Mithril.js – The Smallest, Fastest SPA Framework You’ve Never Used

I love exploring new libraries and frameworks to see where the next big trends or patterns might be. I don’t know how I came across Mithril.js, but I’m glad I did. Mithril brings something new to the table — it’s minimal and fast.

I’m going to explore how Mithril is different from React (my favorite framework and the one I have the most experience with). Why? Mithril’s strengths mirror React’s weaknesses. I don’t expect React to go away anytime soon, of course. Mithril shows a well-crafted path in a different direction.

What is Mithril.js?

Mithril’s makers call it a “modern client-side JavaScript framework for building Single Page Applications.” Their definition of “SPA framework” includes rendering, XHR, routing, and state management. Mithril’s main attraction is its fast rendering, but they didn’t stop at making a rendering library.

Building a framework feels like the correct choice when compared to React’s ecosystem. React is billed as a “rendering library,” but React is treated as a proper framework along with the likes of Angular and Vue.

What Does Mithril Solve?

Performance and Size

Front-end frameworks aren’t known for being “slim” or “quick to load,” especially once you start piling on libraries for selects and every other input element.

With a package size of 9.5 kb (that’s 1/4 the size of Vue + basic libraries), Mithril laughs at other libraries. It’s just 1/13 the size of Angular. When comparing update speeds, Mithril wins by a margin of 50-100%, with even larger differences on initial startup time.

Chart showing the peformance differences between Mithril, Vue, React, and Angular.

Simple Defaults

A complaint about React is that it doesn’t “come with the batteries,” meaning all the tools you need to make a modern SPA. React is often packaged with Redux, React-Router, and Fetch, but they don’t come included for free. Also, that’s far from the only React tech stack; there are more permutations of simple React setups than I would care to count. 

Mithril recognizes that the purpose of the library is to make SPAs, even if its focus is advanced rendering. Mithril keeps it simple and comes with simple utilities to make XHR requests, route between pages, and store app state.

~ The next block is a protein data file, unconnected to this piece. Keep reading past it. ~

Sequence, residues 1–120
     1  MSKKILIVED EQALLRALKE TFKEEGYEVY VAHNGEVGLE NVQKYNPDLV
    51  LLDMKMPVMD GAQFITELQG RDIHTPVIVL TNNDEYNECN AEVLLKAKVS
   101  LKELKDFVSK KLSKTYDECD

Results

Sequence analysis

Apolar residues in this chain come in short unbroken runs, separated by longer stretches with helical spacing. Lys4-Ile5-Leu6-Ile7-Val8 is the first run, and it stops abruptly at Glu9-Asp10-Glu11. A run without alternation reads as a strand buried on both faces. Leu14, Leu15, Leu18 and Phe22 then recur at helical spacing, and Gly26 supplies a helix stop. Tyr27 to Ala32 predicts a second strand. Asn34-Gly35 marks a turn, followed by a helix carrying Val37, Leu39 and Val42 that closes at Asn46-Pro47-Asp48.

Small API

Having such a small file size comes from an earlier design decision: write less code. Mithril offers a very concise API.

React’s ecosystem is more modular, but it comes at a cost; each library’s API has to account for a breadth of use cases, like a Swiss army knife of library functions. Mithril’s parts don’t need to interface with other libraries, so there’s no need to build functionality for every situation.

What Does Mithril Look Like?

Looking at this example from the Mithril docs, we can take a step into understanding Mithril:

var root = document.body
var count = 0 // added a variable

var Hello = {
	view: function() {
		return m("main", [
			m("h1", {
				class: "title"
			}, "My first app"),
			m("button", {
				onclick: function() {count++}
			}, count + " clicks")

m.mount(root, Hello)

First, let’s review the results of this code. We get two HTML elements, a heading saying “My first app” and a button that says “# clicks.” The number magically ticks up from zero each time you click the button.

This snippet gives us a brief introduction to a few concepts in Mithril: VNodes, Components, and Mounting.

m("h1", { class: "title" }, "My first app")

This is our first example of a vnode. Vnodes represent a portion of the DOM, with the smallest unit being a single HTML element. In this example, the vnode is an HTML element, but vnodes include Mithril Components. In this code, m is a utility that creates vnodes. The arguments set the node type (either component or HTML element), the attributes of the node, and the contents of the node.

var Hello = {
    view: function() {

Hello is our simplest example of a component in Mithril. It’s nothing more than an object with a view function that returns vnodes. Mithril’s components, like many other “components,” carry the job of splitting up complexity in the front end. Components also support many lifecycle methods that you’ll be familiar with if you’ve experienced other SPA frameworks.

m.mount(root, Hello)

The last piece in our SPA framework is the mount function. Mithril uses a redraw system that triggers after certain actions. The mount function allows that vnode tree to be redrawn automatically when a relevant action is triggered. One of the redraw triggers is an event. In the above example, Mithril will redraw after the OnClick function triggers on our button. You can learn more about Mithril’s redraw system at their site.

Congrats, you know enough to start writing a Mithril app! There’s still more to learn (the Mithril website is a great resource), but this minimal introduction gives you a head start into Mithril’s patterns. If you build something cool with Mithril, I’d love to hear about it!

  • Olpat says:

    A little slideshow with mithril it’s an extension of this example:

    mithril is a fantastic framework indeed !!

  • Great content! This is exactly the sort of thing I was looking for. Thanks for your help :)

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